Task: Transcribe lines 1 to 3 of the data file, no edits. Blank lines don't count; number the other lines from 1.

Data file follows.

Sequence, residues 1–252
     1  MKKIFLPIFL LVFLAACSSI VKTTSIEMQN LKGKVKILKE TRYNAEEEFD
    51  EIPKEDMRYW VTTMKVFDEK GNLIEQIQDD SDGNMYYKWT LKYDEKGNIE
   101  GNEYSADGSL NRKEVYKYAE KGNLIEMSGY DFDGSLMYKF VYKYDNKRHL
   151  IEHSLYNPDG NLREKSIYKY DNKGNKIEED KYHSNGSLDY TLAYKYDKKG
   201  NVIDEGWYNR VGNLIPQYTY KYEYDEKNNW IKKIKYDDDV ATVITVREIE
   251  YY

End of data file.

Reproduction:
Sequence, residues 1–252
     1  MKKIFLPIFL LVFLAACSSI VKTTSIEMQN LKGKVKILKE TRYNAEEEFD
    51  EIPKEDMRYW VTTMKVFDEK GNLIEQIQDD SDGNMYYKWT LKYDEKGNIE